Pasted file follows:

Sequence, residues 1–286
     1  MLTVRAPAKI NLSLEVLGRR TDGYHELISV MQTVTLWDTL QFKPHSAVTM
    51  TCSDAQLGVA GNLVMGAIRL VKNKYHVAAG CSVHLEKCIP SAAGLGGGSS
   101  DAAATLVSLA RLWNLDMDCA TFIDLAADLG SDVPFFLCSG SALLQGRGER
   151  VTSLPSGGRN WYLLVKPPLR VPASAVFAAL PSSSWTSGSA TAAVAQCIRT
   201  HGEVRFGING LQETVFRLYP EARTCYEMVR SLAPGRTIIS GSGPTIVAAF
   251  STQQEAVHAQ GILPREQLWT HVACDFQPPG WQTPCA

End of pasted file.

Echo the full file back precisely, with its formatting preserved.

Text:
Sequence, residues 1–286
     1  MLTVRAPAKI NLSLEVLGRR TDGYHELISV MQTVTLWDTL QFKPHSAVTM
    51  TCSDAQLGVA GNLVMGAIRL VKNKYHVAAG CSVHLEKCIP SAAGLGGGSS
   101  DAAATLVSLA RLWNLDMDCA TFIDLAADLG SDVPFFLCSG SALLQGRGER
   151  VTSLPSGGRN WYLLVKPPLR VPASAVFAAL PSSSWTSGSA TAAVAQCIRT
   201  HGEVRFGING LQETVFRLYP EARTCYEMVR SLAPGRTIIS GSGPTIVAAF
   251  STQQEAVHAQ GILPREQLWT HVACDFQPPG WQTPCA